And now for you! Rebecca has been generous enough to offer one of her Marble Stripe pillows in gray-lilac to a lucky reader! There are 22 ways to enter for a chance to win and you have 48-hours to get after it.
a Rafflecopter giveaway

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Beautiful Wears S/S 17

Paola Stripe Top // Chambray Stripe Rampling Tee // Joni Sweatshirt // O’Keefe Chambray Wrap Skirt

 

Nami 1-Piece Swimsuit // Matador Romper // Hazel Dress // Covill Dress

 

White Linen Boat Neck Dress // Oversized Long-Sleeve Shirt // Contrast Cotton Shirt // Long Elastic Waist Dress

 

The Nancy Dress // The Kheller Trouser // The Laurena Maxi // The Shit Tee

 

Black Crane Boat Neck Top, Print C // Black Crane Floral Dress // Black Crane Pleat Dress, Print A // Marion Dress

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Aki Inomata

 

Aki Inomata‘s girl, girl, girl… seems especially fitting as I found a rogue caterpillar sitting outside my bedroom door when I woke up one day last week. Inomata spent two years raising bagworms in order to give them pieces of material to use as their protective cases. It ended up being a kind of commentary on women’s fashion as well as womanhood in general.

Male bagworms leave their protective cases when they become adults, and become moths. However female bagworms remain in their protective cases for their whole lives and wait for the male bagworms. This reminded me of my own experience of being approached by hundreds of men, whilst the few men that I was interested in often didn’t even glance at me. Though the gender issue is meant to have changed in our generation, why is it that women still make much more effort than men concerning their appearances?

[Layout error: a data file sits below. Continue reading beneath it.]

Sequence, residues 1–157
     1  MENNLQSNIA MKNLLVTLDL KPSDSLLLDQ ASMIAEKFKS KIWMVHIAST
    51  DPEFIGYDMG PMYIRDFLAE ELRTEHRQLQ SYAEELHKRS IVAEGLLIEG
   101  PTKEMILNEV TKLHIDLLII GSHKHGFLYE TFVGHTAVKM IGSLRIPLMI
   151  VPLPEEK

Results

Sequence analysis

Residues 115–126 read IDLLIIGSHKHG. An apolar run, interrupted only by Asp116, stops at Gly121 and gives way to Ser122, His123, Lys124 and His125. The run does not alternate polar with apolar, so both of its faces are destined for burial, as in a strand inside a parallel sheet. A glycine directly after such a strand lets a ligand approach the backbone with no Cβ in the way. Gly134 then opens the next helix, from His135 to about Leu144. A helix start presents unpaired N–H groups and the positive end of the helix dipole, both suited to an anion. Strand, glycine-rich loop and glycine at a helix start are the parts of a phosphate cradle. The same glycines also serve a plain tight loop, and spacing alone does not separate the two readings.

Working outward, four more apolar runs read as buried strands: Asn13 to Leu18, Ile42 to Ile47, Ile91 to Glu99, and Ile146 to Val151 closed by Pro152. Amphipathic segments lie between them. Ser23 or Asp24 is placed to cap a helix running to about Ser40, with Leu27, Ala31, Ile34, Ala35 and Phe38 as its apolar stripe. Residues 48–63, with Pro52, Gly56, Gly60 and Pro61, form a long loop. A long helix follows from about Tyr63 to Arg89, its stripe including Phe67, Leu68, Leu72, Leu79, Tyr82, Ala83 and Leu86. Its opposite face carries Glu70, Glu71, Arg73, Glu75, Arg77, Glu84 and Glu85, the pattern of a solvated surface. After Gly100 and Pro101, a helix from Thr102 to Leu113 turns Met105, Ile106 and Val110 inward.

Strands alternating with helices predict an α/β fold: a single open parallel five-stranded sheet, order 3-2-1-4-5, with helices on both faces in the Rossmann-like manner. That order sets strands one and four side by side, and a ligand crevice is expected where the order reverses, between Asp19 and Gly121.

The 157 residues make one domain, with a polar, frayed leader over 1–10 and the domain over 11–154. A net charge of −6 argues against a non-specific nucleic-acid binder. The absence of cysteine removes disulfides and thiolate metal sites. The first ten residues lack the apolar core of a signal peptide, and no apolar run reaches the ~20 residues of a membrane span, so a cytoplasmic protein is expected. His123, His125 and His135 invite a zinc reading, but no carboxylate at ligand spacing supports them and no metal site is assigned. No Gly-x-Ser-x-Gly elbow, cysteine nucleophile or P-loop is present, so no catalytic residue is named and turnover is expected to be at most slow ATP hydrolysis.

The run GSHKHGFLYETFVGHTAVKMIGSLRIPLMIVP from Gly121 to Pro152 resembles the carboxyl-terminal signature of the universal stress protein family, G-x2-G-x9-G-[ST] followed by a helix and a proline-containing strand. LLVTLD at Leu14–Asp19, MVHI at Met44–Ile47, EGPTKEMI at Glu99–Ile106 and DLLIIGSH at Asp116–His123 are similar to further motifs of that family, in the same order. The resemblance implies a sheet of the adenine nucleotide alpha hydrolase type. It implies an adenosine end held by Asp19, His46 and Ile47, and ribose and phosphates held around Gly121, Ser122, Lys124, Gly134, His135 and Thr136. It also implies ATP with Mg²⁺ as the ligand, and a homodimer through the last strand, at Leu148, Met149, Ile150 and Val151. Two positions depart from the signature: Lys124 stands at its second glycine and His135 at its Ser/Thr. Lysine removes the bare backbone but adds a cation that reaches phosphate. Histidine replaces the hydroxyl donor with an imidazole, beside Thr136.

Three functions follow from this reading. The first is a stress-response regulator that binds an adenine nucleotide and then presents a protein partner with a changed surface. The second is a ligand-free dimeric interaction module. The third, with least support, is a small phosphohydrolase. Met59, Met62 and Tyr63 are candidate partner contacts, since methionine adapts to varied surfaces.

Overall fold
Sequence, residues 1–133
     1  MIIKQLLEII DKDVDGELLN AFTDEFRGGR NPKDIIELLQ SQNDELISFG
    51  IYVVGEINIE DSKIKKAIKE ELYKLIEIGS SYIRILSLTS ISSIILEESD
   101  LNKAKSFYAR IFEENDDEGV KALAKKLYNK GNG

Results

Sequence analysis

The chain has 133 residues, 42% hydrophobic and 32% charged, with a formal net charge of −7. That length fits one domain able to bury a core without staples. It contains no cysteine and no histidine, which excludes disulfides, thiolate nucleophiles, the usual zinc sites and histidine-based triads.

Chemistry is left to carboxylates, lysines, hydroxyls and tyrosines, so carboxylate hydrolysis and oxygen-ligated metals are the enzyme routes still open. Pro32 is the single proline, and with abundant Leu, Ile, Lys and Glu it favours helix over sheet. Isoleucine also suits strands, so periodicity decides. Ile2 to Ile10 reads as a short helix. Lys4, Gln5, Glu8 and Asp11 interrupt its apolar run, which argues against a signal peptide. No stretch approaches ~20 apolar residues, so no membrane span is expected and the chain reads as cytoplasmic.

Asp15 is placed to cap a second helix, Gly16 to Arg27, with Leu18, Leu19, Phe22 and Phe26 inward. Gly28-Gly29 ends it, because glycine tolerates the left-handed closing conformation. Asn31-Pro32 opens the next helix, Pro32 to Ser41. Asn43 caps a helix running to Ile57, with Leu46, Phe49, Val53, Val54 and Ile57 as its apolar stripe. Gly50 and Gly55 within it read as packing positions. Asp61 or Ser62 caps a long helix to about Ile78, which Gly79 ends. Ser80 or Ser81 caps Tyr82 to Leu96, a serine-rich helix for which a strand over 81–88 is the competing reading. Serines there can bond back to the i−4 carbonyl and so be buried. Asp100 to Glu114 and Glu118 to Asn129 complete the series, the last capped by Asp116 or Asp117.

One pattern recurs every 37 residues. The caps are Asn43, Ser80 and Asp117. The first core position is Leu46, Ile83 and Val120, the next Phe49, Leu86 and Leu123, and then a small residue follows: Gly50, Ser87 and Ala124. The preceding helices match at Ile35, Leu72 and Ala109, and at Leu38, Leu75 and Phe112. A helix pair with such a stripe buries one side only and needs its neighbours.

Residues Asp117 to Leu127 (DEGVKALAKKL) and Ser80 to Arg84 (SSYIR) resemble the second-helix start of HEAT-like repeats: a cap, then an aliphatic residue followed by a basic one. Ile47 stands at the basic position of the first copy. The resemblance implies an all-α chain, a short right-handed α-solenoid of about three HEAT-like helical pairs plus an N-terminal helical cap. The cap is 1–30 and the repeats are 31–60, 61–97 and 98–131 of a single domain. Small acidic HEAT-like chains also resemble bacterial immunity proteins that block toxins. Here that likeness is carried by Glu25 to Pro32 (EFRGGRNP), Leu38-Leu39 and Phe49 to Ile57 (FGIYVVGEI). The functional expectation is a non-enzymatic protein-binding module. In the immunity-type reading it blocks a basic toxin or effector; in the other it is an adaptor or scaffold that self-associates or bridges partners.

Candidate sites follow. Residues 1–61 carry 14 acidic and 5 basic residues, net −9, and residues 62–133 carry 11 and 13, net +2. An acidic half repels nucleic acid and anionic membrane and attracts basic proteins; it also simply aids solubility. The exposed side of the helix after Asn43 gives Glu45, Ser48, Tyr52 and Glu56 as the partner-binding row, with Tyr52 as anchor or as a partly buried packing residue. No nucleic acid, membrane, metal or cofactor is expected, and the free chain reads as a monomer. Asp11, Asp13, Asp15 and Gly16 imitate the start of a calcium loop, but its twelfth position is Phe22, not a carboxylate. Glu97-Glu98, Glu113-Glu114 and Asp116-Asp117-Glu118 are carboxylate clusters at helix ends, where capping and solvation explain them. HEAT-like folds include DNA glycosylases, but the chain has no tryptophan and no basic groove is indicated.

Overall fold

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Block Shop Table Linens

 

You may be familiar with Block Shop‘s traditional Indian hand block printed scarves, but did you know they recently released a line of table linens? Because they did and they’re ideal for summer entertaining. The easy California vibe of each scarf carries over effortlessly to table runners and napkins, furthering sisters Lily and Hopie’s mission to make heirloom textiles with a high social benefit and low environmental impact.

 

 

 

 

 

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Sarah K. Benning

 

Sarah K. Benning is a fiber artist who splits her time between the United States and Spain. It wasn’t until after graduating college that she realized her love for embroidery and turned it into a career, however. All bets are off as Sarah creates, picturing each piece as an illustration and often abandoning traditional stitches and techniques in favor of creating textile art that’s vibrant and fresh.

 

 

 

 

 

 

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Lana Crooks

 

A combination of science and fantasy, Lana Crooks works with fabrics and found objects to create faux specimens and soft curiosities. Her technique easily fools you into believing what you’re looking at is actual bone that’s been bleached by the sun.

 

 

 

 

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Rumpl

 

These Rumpl blankets use the very same materials used in sleeping bags and puffy jackets, so you know they’re super light and mega warm. They’re comfortable, durable, and tested in harsh environments (that means when you curl up with yours on the couch it’s not going to fall apart) and give off an ever so slightly ’80s vibe that I love.